AM: How was the overall experience playing TNK Fest, and what was your reaction when Ezra Furman tweeted about your band?
AJ: TNK was a real joy for us. The privilege of just being heard by Ezra Furman's audience was great - they're the kind of people we'd love to discover our band. Ezra's set really inspired me that night. The songs never lost momentum, but somehow he found time in each of them to forge this personal connection with the audience. It was humbling to get attention from him. Our gut reaction is, "Oh, Ezra, you don't have to say that just to be nice." But it's definitely brought us some new listeners.
AM: You mentioned that you also teach and try to keep your rock n roll side separate from your teacher side, but do you ever incorporate music into your teaching style?
AJ: Eric is a music teacher for grades K-7. He gets the kids doing these beautiful choral performances and leads a few a cappella groups. A few times a year, I reluctantly pick up a guitar and sing with my 8th graders. It's flattering when the kids show interest in our music, but my response when they bring up the band is usually a deadpan "I don't know what you're talking about." The last thing I want on my mind when I'm writing a song is, "How would my students respond to this?" That's creative poison.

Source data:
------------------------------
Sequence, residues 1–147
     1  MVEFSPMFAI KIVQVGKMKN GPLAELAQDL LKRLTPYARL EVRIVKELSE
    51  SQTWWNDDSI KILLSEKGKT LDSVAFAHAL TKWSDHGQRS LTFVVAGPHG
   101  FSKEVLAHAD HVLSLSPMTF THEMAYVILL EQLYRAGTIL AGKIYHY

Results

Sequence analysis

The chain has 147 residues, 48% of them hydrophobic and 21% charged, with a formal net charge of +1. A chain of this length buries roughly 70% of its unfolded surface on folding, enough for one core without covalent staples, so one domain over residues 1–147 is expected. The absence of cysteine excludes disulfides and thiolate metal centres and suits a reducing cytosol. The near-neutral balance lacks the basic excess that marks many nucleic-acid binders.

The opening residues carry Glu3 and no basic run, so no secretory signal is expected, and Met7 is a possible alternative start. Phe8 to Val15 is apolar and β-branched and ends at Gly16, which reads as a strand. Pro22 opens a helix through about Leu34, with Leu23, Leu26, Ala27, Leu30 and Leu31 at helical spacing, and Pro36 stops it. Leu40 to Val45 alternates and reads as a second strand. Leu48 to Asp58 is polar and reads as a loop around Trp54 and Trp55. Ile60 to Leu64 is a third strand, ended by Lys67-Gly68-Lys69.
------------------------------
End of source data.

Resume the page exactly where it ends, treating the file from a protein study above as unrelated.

AM: What will 2017 bring for Dream Version as far as new tunes and tour?
AJ: Our new album, Fight Fair, is due out in early summer. We've got big plans for it. It's leaner, hungrier, and more angry in spirit, but it's still got the melodies and the background vocals people liked on Beginners. In the spring we'll announce a big summer tour and a release show. This is gonna be a really meaningful year for us.
AM: Who would be your dream band/artist to work with, either touring or collaborating?
AJ: I'm assuming this doesn't have to be realistic, so I'm gonna say duet with Kate Bush? More realistically, my high school band opened for of Montreal in 2004 and I'm pretty sure they went out for pizza during our set. So I'd love to get a second chance at that.
AM: What are some of your favorite fellow Chicago bands?
AJ: I'm in love with Emily Jane Powers, and highly recommend Jellies, Luno, and Richard Album. We're also big fans of Varsity, In Tall Buidlings, Pool Holograph, and of course, Ezra Furman.
AM: What about favorite Chicago venues?
AJ: It's been unreal playing Lincoln Hall, but we've also really enjoyed playing The Whistler, Subterranean, and Constellation. Can't forget Cole's, either. No matter the venue, anything Kickstand Productions puts on has been a great experience for us.
AM: Last question...what was the first concert you ever went to, and what was the last show you went to (that wasn’t your own)?
AJ: My dad took me to see the Beach Boys, minus Brian Wilson, in Detroit around 1995. Lots of Hawaiian shirts onstage. I think there was very little Pet Sounds, but plenty of "Kokomo" and that song that was on Full House. I recently saw In Tall Buildings do their TNK performance at Schuba's, and they're always awesome. They create dense textures, but within these really clean lines. I think there's a much bigger audience out there waiting for them.